Albert H. Black
P.O. Box 450
Kennebunk, Maine 04043
(401) 835-3123, cellular phone
SEARCHING FOR ALEX: FOUND IN TENNESSEE BY WAY OF VENICE, copyright 2019, is an original play in two acts. With character and plot allusions to Thomas Mann’s Death in Venice and Tennessee Williams’ Night of the Iguana, SEARCHING FOR ALEX… explores the poetically symbiotic relationship between art and physical beauty and the seeming impossibility of separating the two—portrayed platonically by a playwright in his mid-50s and a young man of extraordinary beauty, reminiscent of a Classical Greek kouros.
POPPY AND BAR, IN THEIR OWN WORDS, WHO THEY ARE is a dramatic adaptation (copyright 2015) of President George H.W. Bush’s collection of letters and other writings titled All the Best, George Bush and Mrs. Barbara Bush’s A Memoir. The play was written for the occasion of Mrs. Bush’s 90th birthday. Intended, in part, as a fundraising tool for The Barbara Bush Foundation for Family Literacy, 50% of the playwright’s production royalties from POPPY AND BAR will go in perpetuity to Mrs. Bush’s Foundation for Family Literacy.
INFINITY, a classical ballet theatre/musical theatre story project in development, is an original story about the emigration of Russian Jews to Israel in the late 1990s and early years of the 21st century. With book and lyrics by Albert Black, the music for INFINITY has been composed by Benjamin Birkbeck of Yarmouth, Maine.
BOOT CAMP (copyright 2004), is a play in two acts that revolves around the serendipitous yet destined friendship between an older man and a younger man—the former, a 49-year-old playwright; the latter, a 24-year-old sailor. BOOT CAMP begins by portraying the adage of Henry Van Dyke: “A friend is what the heart needs all the time.” And it concludes by proving the spiritual wisdom of Albert Schweitzer: “In everyone’s life, at some time, our inner fire goes out. It is then burst into flame by an encounter with another human being. We should all be thankful for those people who rekindle the inner spirit.”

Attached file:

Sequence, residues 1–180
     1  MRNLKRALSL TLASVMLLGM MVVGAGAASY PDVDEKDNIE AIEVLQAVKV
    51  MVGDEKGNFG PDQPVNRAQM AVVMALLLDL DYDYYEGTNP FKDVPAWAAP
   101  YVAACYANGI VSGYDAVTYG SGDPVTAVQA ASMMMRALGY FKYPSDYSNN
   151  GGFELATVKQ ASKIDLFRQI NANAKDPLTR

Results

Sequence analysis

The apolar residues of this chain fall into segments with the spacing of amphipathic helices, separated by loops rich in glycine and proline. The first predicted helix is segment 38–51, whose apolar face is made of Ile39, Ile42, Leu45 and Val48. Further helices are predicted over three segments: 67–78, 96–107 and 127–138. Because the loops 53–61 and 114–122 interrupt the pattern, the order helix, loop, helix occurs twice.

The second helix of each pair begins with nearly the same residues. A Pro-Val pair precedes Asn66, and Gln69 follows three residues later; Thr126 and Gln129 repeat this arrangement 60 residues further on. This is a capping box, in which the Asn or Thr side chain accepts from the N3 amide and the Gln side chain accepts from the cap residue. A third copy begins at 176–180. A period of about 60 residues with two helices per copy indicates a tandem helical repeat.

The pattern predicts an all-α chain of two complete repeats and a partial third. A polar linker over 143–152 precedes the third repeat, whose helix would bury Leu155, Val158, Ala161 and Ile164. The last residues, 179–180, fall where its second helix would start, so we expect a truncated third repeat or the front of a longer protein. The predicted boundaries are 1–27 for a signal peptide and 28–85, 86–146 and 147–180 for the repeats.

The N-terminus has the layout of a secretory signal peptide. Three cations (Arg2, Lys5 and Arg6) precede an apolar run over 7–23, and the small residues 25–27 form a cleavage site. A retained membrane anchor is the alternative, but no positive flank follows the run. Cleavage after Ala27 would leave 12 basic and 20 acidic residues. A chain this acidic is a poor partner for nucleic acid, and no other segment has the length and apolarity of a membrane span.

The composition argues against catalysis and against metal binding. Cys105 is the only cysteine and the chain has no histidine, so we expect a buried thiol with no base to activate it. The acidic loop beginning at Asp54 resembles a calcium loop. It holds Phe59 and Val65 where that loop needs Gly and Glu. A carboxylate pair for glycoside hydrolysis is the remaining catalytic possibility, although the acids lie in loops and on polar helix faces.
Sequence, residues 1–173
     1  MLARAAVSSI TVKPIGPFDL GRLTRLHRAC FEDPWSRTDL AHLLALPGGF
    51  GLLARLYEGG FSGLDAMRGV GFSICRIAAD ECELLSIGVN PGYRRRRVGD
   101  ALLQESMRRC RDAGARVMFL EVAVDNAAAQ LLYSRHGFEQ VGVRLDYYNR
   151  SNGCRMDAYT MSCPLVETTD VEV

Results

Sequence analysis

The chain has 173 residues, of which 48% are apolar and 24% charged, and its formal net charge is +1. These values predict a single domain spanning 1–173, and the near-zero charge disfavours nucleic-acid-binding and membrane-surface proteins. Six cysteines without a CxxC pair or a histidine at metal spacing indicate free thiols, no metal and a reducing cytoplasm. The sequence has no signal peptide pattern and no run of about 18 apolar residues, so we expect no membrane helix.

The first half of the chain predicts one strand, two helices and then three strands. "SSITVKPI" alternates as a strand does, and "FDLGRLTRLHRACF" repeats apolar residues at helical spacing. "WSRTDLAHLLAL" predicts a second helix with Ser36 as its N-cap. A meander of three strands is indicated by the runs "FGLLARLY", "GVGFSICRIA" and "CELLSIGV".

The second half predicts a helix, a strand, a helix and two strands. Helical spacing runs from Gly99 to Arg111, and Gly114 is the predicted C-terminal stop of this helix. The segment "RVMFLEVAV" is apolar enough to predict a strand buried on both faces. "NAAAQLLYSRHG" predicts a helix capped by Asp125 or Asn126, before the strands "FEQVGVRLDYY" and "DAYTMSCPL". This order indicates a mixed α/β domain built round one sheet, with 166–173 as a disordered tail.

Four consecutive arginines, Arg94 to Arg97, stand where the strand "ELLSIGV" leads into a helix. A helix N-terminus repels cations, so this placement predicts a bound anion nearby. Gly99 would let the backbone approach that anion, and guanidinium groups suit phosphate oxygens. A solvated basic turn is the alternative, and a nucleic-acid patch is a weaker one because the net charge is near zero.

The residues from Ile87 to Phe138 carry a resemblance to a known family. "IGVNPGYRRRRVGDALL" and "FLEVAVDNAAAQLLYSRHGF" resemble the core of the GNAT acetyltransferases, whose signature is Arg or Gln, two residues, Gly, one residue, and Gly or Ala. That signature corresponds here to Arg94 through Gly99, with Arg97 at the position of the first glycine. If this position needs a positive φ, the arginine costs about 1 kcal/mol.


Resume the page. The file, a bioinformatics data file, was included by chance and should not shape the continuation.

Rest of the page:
In April 2001, Albert Black’s play HIGH TIDE, about one man’s vocational calling to the Anglican priesthood, was named the winning submission from Rhode Island in the 2000-2001 Clauder Competition, New England’s most prestigious play writing contest, open only to writers in the New England states and sponsored by the Portland Stage Company, Portland, Maine.
Playwright in Residence, 1994, The Peaceworks Project. A workshop series with Artistic Director Kim Johnson’s New York resident Equity company “Artists in Search of. . .” to develop new plays that promote tolerance and peace.
In 1985 The American Film Institute produced Albert Black and co-author Lily Trayes’ screenplay adaptation of William Faulkner’s short story “Two Soldiers.” The film was broadcast on PBS, May 22 and May 25, 1987. It was shown on the Arts & Entertainment channel on December 12, 1986, and again on December 18, 1986. It was included in A&E’s short story anthology series. TWO SOLDIERS also appeared on CINEMAX (September 12, 1986). Pyramid Film and Video in Santa Monica was the designated distributor of TWO SOLDIERS. Along with its television presentations, the movie was shown at various film festivals around the